Stain Protocol for the Detection of N-Terminal Amino Groups During Solid-Phase Peptide Synthesis
Hiroyuki Konno describes a stain protocol for the detection of N-terminal amino groups.
Solid-phase peptide synthesis (SPPS) – pioneered by the 1984 Nobel Prize winner Robert Bruce Merrifield – is the method of choice for the preparation of polypeptides. This highly versatile technology is used worldwide for the manual as well as automated synthesis of a wide range of peptides. Despite its success, direct monitoring of reactions on resin is not as straightforward as for reactions in solution where samples can be easily collected and directly analyzed through a variety of analytical and spectroscopic methods, such TLC, HPLC and NMR. The Kaiser test – based on the reaction between primary amino groups and ninhydrin which develops an intense blue color – is destructive and can easily lead to false positives (for example when Fmoc protecting groups are labile to the pyridine contained in the test cocktail) or negatives (secondary amines such as proline give rise to a rather ambiguous redbrownish color). Besides, the Kaiser test is timeconsuming and the test cocktail contains highly toxic reagents such as KCN.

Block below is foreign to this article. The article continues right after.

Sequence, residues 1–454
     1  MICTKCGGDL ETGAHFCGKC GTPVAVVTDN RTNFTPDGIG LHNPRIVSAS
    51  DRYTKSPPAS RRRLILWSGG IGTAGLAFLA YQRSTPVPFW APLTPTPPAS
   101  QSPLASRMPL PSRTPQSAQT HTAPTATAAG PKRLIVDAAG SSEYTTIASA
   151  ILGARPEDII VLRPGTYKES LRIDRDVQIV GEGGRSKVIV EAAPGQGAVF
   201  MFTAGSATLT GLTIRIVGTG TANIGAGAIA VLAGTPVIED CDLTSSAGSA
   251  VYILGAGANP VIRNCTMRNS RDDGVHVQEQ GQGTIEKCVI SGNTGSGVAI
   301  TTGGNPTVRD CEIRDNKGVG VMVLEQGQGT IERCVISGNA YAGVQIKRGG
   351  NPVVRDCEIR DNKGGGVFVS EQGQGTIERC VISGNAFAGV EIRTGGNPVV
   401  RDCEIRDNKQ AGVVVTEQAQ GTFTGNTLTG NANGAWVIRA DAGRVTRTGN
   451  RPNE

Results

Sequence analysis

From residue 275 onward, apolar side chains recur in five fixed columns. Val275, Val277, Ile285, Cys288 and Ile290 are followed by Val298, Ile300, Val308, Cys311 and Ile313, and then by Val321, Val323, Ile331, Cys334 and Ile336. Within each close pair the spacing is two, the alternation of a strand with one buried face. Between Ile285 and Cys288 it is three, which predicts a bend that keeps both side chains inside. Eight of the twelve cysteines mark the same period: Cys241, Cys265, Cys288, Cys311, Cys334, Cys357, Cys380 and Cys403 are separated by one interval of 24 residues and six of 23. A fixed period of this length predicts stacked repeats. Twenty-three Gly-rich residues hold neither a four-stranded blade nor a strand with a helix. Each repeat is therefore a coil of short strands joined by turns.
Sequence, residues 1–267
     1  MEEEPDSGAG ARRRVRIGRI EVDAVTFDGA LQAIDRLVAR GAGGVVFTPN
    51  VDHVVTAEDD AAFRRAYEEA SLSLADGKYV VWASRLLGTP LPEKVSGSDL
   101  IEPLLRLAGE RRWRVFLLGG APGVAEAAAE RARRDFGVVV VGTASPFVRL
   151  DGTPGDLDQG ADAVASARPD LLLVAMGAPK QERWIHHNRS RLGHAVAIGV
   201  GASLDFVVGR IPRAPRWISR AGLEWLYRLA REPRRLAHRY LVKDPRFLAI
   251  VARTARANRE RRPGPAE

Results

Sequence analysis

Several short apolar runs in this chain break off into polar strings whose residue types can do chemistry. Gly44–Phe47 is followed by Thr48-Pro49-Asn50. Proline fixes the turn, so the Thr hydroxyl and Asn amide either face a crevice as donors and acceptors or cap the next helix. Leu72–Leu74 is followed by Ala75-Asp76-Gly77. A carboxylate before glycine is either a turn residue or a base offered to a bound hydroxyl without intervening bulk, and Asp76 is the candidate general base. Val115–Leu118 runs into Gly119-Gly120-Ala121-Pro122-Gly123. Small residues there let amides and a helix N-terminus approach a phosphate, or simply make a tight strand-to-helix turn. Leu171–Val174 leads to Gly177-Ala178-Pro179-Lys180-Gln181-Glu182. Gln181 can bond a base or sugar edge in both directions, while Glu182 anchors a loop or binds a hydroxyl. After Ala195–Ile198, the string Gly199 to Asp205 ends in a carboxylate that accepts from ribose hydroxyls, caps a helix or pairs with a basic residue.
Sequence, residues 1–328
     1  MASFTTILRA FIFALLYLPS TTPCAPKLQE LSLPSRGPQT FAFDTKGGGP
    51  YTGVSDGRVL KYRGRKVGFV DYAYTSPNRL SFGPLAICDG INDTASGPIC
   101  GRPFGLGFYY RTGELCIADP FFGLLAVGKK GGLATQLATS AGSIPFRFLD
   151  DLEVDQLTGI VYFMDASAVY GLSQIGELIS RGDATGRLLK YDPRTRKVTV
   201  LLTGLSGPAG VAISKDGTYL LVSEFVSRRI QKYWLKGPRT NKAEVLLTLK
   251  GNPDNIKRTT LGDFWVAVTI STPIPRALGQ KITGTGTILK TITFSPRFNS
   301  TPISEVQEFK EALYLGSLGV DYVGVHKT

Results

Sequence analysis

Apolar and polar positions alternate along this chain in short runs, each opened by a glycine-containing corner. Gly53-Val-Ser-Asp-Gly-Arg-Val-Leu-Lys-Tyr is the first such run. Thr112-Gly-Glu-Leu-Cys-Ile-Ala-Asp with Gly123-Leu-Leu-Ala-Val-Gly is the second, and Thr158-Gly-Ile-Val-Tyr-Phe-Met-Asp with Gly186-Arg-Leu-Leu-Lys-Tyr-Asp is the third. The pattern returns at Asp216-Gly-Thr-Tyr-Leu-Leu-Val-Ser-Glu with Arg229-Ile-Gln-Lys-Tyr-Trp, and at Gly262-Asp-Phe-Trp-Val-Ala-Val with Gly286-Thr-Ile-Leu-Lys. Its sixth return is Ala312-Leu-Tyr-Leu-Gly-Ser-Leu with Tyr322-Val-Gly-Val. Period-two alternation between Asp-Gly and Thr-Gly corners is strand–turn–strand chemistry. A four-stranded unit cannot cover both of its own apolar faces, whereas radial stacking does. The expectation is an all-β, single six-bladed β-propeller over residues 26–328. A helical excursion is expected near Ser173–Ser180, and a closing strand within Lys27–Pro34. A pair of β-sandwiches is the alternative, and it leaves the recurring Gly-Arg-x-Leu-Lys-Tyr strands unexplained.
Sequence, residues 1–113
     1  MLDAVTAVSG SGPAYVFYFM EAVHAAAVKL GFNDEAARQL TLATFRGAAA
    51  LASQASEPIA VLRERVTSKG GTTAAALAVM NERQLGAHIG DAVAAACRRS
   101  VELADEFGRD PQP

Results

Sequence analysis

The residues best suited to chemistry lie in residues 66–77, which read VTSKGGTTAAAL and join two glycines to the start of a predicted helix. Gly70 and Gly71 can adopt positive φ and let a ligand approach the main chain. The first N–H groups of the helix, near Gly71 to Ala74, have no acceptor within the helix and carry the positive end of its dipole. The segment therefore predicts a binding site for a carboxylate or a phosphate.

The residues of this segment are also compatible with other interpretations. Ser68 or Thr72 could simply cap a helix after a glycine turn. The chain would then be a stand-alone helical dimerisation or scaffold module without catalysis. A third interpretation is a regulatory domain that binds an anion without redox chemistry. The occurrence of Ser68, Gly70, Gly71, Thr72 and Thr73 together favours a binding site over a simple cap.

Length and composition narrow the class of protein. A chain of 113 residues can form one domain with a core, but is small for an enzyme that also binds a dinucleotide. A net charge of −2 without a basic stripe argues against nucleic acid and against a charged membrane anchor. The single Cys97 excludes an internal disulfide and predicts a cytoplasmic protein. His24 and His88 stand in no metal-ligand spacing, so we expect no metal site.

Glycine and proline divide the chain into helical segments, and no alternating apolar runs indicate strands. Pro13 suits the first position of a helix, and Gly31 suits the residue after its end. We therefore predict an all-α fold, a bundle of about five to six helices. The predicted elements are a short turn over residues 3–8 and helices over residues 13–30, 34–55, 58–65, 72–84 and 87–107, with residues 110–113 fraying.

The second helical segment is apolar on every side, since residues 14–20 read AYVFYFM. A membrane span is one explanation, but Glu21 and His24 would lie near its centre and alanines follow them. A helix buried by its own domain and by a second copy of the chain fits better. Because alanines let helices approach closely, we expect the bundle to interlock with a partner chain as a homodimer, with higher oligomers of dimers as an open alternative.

The group of Professor Hiroyuki Konno at Yamagata University (Japan) recently reported a new test protocol to detect Nterminal amino groups during FmocSPPS using a reversible and non-destructive reaction.